Robert Monteith Mitchell, known as Roy, who has died aged 83, was a veteran of the Yangtze Incident in 1949 in which the Royal Navy ship HMS Amethyst was trapped on the famous river for three months during the Chinese Civil War. The Amethyst was fired upon without warning by the advancing Chinese Communist People's Liberation Army (PLA) and was under siege for 100 days. The crisis later inspired the film Yangtze Incident starring Richard Todd.
Mr Mitchell was born in Glasgow and lived most of his life in the family house in Fleurs Avenue, Dumbreck. At the age of 16, he played rugby for Cartha Rugby Club and took part in their first game after the Second World War. After secondary school, he decided to do his national service by joining the Royal Navy in 1947. Like most national servicemen, he saw it as a way of seeing the world before getting on with his life, which in his case, meant studying physics.
Two years into his naval service, he was transferred to the frigate HMS Amethyst in the Far East as an Able Seaman Radar Operator. On a routine visit 100 miles up China's River Yangtze, the Amethyst was fired upon without warning by the Chinese Communist People's Liberation Army (PLA) which triggered off one of the Royal Navy's most dramatic post- Second World War incidents known as the Yangtze Incident.
On the first day, 21 of the crew including the captain and ship's doctor were killed and more than 40 were wounded. The ship was badly damaged with shell holes and broken superstructure, although the engines remained intact. Over the next few days, the navy tried to rescue the ship, but were unsuccessful and other ships, notably HMS Consort, incurred fatalities.
For 100 days the ship and crew, including Mr Mitchell, were under siege from the PLA who were now on both sides of the river with powerful shore batteries covering the ship. Food and fuel were in short supply.
The Acting Captain John Kerans opened protracted negotiations with the PLA but when it became apparent that negotiations had reached an impasse he put in place an audacious and high-risk plan. Using a passing Chinese sloop for cover at night, the Amethyst started its 100-mile journey to the sea and freedom. In spite of fire from the shore and no pilot with knowledge of the many shallows in the river, the ship made it.
Mr Mitchell and the crew each received a special bravery medal from King George VI, which was presented at Buckingham Palace. The incident also inspired the 1957 film The Yangtze Incident starring Richard Todd. He completed his naval service in 1955 without experiencing further action. He said he joined the Amethyst as a boy and came out a man, although for many years he was unable to speak about the trauma he experienced.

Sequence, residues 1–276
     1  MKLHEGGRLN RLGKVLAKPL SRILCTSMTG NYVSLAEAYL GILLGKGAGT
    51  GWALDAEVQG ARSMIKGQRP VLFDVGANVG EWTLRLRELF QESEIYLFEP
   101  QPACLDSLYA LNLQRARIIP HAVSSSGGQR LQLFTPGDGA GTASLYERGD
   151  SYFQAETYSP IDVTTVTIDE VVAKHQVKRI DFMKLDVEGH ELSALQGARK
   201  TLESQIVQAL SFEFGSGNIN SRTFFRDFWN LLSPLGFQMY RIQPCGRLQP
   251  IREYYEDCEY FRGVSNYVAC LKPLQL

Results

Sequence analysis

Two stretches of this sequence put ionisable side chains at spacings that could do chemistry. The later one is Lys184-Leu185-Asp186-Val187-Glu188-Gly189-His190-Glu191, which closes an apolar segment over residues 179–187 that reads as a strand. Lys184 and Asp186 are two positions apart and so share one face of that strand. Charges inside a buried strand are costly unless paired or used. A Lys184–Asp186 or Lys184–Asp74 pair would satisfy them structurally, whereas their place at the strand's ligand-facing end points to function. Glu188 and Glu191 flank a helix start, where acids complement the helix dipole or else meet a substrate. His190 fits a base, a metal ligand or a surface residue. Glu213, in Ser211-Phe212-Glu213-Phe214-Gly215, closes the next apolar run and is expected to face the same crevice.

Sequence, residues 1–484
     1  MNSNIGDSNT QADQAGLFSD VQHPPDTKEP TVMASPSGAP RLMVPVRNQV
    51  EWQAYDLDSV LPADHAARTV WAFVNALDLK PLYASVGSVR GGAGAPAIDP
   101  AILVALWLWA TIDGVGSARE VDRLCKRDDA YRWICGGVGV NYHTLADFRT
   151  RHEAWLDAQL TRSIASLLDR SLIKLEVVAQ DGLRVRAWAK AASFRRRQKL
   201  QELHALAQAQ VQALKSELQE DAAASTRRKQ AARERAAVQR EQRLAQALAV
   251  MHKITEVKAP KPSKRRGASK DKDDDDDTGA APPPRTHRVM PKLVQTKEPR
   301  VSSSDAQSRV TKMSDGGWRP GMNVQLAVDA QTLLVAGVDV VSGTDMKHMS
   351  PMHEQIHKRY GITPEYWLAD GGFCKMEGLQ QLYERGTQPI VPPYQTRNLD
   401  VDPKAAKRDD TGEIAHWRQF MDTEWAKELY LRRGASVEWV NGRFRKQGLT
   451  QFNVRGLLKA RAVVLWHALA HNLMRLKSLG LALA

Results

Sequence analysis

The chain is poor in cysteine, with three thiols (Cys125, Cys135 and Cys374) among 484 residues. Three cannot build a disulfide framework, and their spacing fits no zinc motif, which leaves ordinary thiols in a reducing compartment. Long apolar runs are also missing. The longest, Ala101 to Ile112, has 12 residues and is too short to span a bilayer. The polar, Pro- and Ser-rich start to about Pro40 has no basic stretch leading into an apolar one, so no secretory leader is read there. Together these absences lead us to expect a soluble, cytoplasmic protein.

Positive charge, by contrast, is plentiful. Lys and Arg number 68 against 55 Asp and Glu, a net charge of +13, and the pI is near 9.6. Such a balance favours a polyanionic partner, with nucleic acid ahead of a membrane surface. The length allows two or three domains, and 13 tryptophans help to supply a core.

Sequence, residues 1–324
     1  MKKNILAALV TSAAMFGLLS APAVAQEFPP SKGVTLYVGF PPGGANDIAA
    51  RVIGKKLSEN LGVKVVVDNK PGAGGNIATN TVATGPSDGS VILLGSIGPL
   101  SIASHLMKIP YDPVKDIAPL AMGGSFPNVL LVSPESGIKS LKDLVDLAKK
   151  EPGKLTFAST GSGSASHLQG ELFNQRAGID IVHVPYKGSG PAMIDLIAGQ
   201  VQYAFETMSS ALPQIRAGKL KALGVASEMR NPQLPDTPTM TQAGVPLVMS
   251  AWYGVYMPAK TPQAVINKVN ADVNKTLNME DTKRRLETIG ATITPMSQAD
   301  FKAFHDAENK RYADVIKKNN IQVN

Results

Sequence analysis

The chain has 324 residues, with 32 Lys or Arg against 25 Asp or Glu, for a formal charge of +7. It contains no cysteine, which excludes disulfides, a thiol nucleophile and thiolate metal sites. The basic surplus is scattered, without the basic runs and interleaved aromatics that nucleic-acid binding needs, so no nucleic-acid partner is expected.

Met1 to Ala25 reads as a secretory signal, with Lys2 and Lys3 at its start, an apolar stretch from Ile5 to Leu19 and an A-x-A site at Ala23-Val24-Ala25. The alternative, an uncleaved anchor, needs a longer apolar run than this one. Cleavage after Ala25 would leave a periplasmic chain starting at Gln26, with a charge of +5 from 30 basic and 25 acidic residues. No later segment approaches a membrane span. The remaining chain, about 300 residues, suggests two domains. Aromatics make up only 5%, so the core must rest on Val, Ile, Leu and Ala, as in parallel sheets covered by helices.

He then studied physics at what is now Strathclyde University. He developed a deep and lifelong interest in the theories of space, time, energy and motion. After university he set out privately to explore and question some of the major theories of physics. He was able to do so with the support of his family and a modest lifestyle.
All his life he was a prodigious walker. When young, he spent a month walking nearly the length of the Loire Valley and he did it in style in a kilt. He walked in many parts of Scotland, particularly in Skye and the Carradale area. In Glasgow, in the later years, the neighbouring children knew him as "the man who walks everywhere".
Extremely well informed, he had a love of geography and Scottish history as well science and languages. He took a great interest in Scottish politics and joined Craigton Branch of the SNP in the 1980s.
His love of walking made him suited to the campaign methods at election times when he stood as a candidate for Glasgow City Council. He was often seen in friendly discussion with his opponents who found it difficult to engage him in the more aggressive forms of discourse which were standard at the time.
He became chairman and then president of the branch. When Nicola Sturgeon won the Govan seat as a first-past-the-post Scottish Parliament member, it was he who delivered an acclaimed reply to the MSP from the branch at the celebration dinner in a south side restaurant.
His father, also called Robert Monteith Mitchell, was an accomplished engineer specialising in designing and building machinery for the bakery industry. His late eldest sister Elise was one of the earliest chiropodists in Scotland and, unusually, chose to work in a poorer part of Glasgow for over 20 years before joining the staff of Glasgow University where she became deputy head of the department and was popular with the chiropody students. His late youngest sister Betty became a senior secretary at the offices of Esso in Glasgow. The universal reaction to anyone who met or knew Roy was that he was a gentleman.
Courteous, modest and friendly, he was always interested in and respected the other person's viewpoint, even if it did not coincide with his own. He lived in Pollokshields in Glasgow before moving to Auchlochan Retirement Village in Lanarkshire.
He is survived by his sister Florence. Florence was appointed matron of the Victoria Hospital, Glasgow in 1968 and at the time was the youngest hospital matron in Scotland.